More than time...
NaBloPoMo prompt for Friday, December 6, 2013:
What do you wish you had more time to do each day?
(Tada! Post done.)
Yesterday, when I peeked at the prompts for some inspiration, I noticed today's prompt, too, and I knew it was one I wanted to answer. But as the day went on, I couldn't remember if the prompt was "What do you wish you had more of?" or what you see above, and so I pondered both. Of course, my mistaken question is also easy to answer: time. But then I considered that if I had more self-discipline, I would have more time. Or if I had a little less selflessness, I might carve out some time for myself... but that wasn't the question.
I do wish I had more time each day to write -- because yesterday's 10-minute write-up isn't my usual modus operandi. Writing is more than typing words on a page. It requires quiet -- or at least the ability to quiet the brain. It is reflecting, finding inspiration, and embracing it. It is brainstorming and hurriedly putting pen to paper to jot down an idea before it is lost. It is capturing insight, revelation, that aha moment. It is giving up on an idea and then tackling some menial task or exercise -- to find that some better concept has taken its place. It is living an experience twice -- once in reality and once in its mindful write-up. It is coaxing a phrase into a sentence, a paragraph, a post. It is an expression of the heart, a task of the mind, a true labor of love. It is frightening. Cathartic. Invigorating. Challenging.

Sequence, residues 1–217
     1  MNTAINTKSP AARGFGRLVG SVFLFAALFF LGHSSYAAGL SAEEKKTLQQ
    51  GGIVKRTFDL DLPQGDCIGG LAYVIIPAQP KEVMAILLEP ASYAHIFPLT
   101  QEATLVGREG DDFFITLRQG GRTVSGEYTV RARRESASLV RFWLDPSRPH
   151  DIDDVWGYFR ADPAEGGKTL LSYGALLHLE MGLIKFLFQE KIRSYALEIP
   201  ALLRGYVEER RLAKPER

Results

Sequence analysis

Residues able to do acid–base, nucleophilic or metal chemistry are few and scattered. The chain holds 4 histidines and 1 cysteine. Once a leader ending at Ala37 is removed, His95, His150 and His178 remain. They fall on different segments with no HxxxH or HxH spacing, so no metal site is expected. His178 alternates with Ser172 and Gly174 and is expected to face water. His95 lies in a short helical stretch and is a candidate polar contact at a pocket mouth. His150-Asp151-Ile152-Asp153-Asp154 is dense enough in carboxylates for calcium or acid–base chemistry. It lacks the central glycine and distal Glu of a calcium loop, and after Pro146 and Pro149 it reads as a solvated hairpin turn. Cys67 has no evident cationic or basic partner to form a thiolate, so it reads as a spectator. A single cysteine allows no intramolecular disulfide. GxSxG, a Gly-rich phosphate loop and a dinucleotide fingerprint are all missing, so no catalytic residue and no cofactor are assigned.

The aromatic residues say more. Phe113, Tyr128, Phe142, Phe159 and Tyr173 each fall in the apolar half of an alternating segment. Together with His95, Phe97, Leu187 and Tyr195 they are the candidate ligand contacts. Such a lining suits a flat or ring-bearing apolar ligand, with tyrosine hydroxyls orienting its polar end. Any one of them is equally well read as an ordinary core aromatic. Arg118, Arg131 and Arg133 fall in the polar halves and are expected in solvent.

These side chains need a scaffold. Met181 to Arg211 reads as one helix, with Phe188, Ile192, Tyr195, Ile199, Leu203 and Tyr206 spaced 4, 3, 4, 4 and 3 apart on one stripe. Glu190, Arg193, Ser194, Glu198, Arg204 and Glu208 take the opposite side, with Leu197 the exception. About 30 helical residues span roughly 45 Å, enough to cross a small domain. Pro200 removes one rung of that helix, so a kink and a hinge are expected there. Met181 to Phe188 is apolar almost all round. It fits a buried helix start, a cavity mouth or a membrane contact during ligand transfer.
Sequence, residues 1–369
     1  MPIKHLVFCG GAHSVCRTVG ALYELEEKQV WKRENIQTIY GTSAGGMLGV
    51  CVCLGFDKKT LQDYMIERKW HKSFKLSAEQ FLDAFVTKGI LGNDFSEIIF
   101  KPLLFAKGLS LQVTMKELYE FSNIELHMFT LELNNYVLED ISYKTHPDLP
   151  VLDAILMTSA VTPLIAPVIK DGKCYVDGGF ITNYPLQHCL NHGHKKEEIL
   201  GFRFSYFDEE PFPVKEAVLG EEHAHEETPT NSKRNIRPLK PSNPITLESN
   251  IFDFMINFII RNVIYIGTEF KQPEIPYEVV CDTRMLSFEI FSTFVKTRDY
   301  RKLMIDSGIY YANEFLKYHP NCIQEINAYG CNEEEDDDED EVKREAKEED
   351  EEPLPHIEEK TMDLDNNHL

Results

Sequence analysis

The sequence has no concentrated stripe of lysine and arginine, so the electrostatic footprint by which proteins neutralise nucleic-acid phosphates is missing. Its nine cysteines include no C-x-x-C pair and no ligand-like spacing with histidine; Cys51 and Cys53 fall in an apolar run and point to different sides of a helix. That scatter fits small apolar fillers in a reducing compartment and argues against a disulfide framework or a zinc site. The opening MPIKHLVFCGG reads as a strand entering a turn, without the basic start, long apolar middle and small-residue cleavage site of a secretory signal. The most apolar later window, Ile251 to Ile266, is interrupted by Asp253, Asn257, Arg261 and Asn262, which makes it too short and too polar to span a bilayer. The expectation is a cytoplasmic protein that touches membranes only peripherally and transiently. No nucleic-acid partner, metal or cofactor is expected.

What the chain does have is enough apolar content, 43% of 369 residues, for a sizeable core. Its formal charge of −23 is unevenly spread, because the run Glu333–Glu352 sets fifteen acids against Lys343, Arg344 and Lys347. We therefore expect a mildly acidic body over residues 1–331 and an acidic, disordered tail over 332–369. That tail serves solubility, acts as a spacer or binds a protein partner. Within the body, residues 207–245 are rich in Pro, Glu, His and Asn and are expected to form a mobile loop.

I feel like I put a little piece of me in everything I write.
Right now, writing feels like life's guilty pleasure. I carve out little bits of time when I think no one will need me -- and write. I hope no one wakes up early or comes home suddenly or asks me what I did with my day... because it is hard to explain the passion to write or the time it takes to do it well when its aim isn't a paycheck. (It is amazing how quickly I can clean up a kitchen and make a meal to conceal how much time I've spent blogging.)
I would love to write without feeling guilty. To me, if I had time to write, it would mean that someone else values my writing enough to grant me time to do it. (It might even mean they're paying me to do it.) It also would mean that I have figured out how to balance life. But I am somewhat torn. My lack of time sometimes wrings words out of me that might not otherwise escape. At times that deadline pressure -- or lack of time -- and the stress associated with it is what forces the thoughts to come. I seem to write more the busier I am. Maybe words are like diamonds, formed under high pressure and then unearthed...
Maybe less pressure and more time isn't in the best interest of my writing. But a girl can wish...